Suffice to say that the Bill contains a plethora of measures around compliance and enforcement by Ofcom, and of course in the area of sanctions. Firstly Ofcom is mandated to undertake various risk assessments and draw up various Codes of Practice and Guidance for Service Providers, subject to extensive duties of prior consultation. Ofcom also determines which U2U services fall within Category 1 - the largest and most popular social media sites; Cat 2A - search services; Cat 2B - other U2U services meeting certain threshold conditions. The majority of service providers are expected to fall into Category 2.

Ofcom would also have extensive enforcement powers ranging from the issue of technology, information, penalty and enforcement notices, with attendant sanctions for non-compliance, powers of investigation and interview; potentially massive financial penalties (fines of up to £18m or 10% of worldwide turnover); and service restriction - that is by denying ancillary services such as advertising or card payments - and ultimately access restriction - by ISP blocking.

This would give rise to an enormous expansion of Ofcom’s remit and consequently of its resources, to be funded by annual fees levied on service providers.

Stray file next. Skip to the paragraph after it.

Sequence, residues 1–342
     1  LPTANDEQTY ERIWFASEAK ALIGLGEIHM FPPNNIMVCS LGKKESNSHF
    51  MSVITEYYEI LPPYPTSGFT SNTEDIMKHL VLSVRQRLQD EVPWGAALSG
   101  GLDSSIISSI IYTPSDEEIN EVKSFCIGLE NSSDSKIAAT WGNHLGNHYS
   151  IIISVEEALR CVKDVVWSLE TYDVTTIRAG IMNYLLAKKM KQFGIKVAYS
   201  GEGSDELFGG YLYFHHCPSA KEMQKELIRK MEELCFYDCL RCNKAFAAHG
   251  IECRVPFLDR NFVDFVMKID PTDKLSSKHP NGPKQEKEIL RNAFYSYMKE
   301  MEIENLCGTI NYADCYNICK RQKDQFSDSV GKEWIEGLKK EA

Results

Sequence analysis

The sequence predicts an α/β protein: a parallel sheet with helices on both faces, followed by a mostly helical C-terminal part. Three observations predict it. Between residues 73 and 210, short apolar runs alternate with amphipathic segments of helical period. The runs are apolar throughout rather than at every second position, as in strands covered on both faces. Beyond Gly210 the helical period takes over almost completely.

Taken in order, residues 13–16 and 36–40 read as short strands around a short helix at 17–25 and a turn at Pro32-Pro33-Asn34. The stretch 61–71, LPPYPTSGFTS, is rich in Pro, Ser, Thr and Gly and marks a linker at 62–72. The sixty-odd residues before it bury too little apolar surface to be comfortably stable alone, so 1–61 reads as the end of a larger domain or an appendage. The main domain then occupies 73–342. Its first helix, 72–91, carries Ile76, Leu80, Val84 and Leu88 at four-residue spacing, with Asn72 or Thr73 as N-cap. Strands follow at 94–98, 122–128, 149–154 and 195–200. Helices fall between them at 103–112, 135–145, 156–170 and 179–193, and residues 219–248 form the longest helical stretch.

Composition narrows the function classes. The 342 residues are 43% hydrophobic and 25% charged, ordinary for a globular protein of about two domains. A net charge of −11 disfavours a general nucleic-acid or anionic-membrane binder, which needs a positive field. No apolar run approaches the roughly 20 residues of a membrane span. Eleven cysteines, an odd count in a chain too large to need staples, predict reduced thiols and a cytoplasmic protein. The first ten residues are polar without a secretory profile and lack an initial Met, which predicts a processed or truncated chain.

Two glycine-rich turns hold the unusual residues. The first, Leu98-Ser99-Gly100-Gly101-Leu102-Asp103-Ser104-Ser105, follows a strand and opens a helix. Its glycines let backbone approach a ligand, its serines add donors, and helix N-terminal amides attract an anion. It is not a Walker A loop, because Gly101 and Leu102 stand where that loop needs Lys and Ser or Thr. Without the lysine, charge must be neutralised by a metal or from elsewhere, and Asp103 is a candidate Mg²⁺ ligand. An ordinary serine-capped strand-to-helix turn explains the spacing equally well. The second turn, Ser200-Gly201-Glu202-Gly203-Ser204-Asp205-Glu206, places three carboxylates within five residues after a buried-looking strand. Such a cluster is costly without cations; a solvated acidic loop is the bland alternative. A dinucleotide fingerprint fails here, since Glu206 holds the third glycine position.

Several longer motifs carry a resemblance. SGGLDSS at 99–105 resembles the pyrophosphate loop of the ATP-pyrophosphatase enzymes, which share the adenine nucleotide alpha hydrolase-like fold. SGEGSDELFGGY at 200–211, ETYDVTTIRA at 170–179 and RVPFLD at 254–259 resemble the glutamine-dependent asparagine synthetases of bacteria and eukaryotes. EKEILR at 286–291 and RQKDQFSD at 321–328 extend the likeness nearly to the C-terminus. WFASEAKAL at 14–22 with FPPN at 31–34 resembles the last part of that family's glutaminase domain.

This is hugely ambitious Bill. It will now be subject to a process of pre-legislative scrutiny before being submitted to Parliament before the end of the year. A long, tortuous and no doubt combative legislative process beckons. Service Providers were primed to assume a duty of care to protect users, but the myriad of attendant duties and responsibilities is bewildering and ultimately will either be fatal to the Bill, or quite possibly to the Internet as we know it.

Paul Herbert

Paul Herbert is a commercial lawyer with over 25 years’ experience in the media and technology sectors. Paul acts for various delivery platforms, broadcasters, production companies, digital publishers, authors, literary agents, distributors, technology companies, advertising, PR and communications companies, regulatory bodies and “gatekeepers”.

Goodman Derrick LLP - a London law firm focused on delivering an exceptional service to ambitious businesses and entrepreneurs.

More information

This guide is for general information and interest only and should not be relied upon as providing specific legal advice. If you require any further information about the issues raised in this article please contact the author or call 0207 404 0606 and ask to speak to your usual Goodman Derrick contact.